Every running play seemed like a wasted down, and most passing plays after halftime were a struggle. The Denver Broncos offense, once a pleasant surprise, has to regroup.
The team is in a major offensive slump, with only one touchdown in two games. Denver’s only touchdown Monday came courtesy of the defense. The Broncos never got inside Pittsburgh’s 20-yard line.
Denver, which had 66 rushing yards against Baltimore two weeks ago, had 27 against the Steelers. Quarterback Kyle Orton, who didn’t reach 100 yards passing against the Ravens until a meaningless final drive, had 58 second-half yards against Pittsburgh. Denver averaged 9.8 yards per drive after halftime Monday.
“As a quarterback, I put it on myself,” Orton said. “It is my offense, and I will get it back on track.”
The lack of a deep passing game could be affecting productivity as the offense relies on short and intermediate routes. Denver is tied for 22nd in the NFL in passes of 20 yards or more. According to the NFL’s game statistics site, only 31 of Denver’s 269 pass attempts have been deep throws — which are defined as 16 or more yards.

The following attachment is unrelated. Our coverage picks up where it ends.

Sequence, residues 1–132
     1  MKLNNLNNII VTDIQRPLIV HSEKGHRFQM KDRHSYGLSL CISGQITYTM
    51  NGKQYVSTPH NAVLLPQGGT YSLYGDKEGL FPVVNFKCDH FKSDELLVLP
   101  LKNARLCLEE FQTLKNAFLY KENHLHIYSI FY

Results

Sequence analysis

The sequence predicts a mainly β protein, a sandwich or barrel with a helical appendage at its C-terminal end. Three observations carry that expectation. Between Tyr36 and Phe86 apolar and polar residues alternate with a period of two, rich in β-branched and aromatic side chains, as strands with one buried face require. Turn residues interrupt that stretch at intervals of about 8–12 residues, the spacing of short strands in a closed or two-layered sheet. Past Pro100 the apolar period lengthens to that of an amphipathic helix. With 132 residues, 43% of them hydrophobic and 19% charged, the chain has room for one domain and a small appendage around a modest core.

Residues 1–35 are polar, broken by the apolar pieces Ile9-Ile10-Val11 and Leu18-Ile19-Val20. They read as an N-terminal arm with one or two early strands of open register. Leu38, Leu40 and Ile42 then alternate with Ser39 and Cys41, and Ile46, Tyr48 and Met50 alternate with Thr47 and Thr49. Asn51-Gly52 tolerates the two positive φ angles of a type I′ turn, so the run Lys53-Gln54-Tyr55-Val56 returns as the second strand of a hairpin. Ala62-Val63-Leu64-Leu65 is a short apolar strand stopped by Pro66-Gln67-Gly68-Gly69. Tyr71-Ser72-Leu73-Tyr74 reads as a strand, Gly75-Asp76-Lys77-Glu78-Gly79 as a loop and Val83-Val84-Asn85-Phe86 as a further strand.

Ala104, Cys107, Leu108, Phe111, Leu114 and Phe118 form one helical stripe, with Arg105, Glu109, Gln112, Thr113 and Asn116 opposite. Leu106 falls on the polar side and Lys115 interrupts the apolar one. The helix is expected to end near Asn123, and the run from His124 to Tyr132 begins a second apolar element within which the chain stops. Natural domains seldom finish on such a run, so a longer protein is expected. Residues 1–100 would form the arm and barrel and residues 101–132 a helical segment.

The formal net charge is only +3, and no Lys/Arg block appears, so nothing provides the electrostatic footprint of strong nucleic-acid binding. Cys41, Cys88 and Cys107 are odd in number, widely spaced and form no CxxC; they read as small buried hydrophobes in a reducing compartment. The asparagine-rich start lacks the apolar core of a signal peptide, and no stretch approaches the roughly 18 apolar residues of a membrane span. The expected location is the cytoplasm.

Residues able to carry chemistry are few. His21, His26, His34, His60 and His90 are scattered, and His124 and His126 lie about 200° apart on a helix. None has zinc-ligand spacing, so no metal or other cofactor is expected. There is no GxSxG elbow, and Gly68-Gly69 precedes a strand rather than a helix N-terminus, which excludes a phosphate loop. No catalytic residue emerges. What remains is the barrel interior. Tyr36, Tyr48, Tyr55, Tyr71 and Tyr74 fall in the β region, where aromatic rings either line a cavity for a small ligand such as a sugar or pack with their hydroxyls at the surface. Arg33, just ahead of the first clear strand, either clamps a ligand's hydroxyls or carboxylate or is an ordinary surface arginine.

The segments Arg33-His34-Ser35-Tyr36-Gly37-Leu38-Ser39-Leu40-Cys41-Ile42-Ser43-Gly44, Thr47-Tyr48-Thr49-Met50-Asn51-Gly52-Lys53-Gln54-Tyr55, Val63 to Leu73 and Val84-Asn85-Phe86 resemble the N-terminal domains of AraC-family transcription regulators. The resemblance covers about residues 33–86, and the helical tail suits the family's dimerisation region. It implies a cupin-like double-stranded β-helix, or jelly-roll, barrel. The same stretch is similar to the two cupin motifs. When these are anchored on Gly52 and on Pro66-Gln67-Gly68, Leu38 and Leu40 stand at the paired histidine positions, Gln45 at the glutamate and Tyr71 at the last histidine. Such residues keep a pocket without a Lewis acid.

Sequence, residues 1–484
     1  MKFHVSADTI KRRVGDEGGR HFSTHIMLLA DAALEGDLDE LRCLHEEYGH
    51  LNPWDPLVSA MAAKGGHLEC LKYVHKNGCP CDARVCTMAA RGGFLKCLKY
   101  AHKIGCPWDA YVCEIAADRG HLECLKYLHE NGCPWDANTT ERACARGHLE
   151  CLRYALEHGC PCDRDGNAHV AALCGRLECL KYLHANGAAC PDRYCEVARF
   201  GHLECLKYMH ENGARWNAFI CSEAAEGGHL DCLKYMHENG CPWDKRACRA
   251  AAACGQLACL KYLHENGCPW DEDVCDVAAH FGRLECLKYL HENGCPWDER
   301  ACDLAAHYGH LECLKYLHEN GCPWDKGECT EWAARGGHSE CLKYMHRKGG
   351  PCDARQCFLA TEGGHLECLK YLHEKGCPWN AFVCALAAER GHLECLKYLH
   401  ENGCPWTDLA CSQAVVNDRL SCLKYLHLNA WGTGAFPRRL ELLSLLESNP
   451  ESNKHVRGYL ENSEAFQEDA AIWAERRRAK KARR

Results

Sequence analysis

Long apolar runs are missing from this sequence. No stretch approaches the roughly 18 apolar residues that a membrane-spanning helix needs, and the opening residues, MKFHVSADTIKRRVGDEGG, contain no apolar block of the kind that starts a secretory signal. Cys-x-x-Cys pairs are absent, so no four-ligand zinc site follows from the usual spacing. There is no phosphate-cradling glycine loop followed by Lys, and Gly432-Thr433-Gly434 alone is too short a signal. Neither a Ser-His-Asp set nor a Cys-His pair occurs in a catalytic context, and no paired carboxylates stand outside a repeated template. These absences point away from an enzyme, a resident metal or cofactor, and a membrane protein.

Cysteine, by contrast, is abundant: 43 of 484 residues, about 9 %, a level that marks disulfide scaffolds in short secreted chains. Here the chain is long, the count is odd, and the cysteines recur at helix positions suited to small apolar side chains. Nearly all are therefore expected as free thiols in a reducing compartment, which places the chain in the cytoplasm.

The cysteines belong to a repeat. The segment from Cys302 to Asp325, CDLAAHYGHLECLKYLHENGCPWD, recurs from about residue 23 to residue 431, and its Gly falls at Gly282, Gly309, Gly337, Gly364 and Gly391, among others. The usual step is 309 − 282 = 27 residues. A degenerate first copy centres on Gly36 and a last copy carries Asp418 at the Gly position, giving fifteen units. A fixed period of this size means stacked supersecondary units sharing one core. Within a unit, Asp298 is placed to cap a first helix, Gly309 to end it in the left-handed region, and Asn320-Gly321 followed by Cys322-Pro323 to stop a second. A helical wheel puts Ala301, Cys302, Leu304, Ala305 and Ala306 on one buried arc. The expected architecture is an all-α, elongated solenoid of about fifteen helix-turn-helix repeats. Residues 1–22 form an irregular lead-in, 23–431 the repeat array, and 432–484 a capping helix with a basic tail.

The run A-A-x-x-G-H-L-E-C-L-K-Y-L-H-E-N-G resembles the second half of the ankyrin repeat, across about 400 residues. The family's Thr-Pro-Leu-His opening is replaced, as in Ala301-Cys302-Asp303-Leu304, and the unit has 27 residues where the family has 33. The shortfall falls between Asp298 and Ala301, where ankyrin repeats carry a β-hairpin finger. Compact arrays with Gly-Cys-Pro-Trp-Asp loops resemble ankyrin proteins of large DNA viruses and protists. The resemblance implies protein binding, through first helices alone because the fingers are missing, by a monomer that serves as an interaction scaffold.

Coach Josh McDaniels said protecting the quarterback and finding good matchups are two factors that dictate how often the team tries a deep pass. And if the safeties are playing deep, he doesn’t want the quarterback to lob a low-percentage attempt.
“You’re trying to look at it from both sides: be smart and take shots,” he said last week. “Not all shots have to be 60-yard throws down the field. We’ve never really done that where I’ve been. We try to make sure we’re smart with the ways we try to make explosive plays.”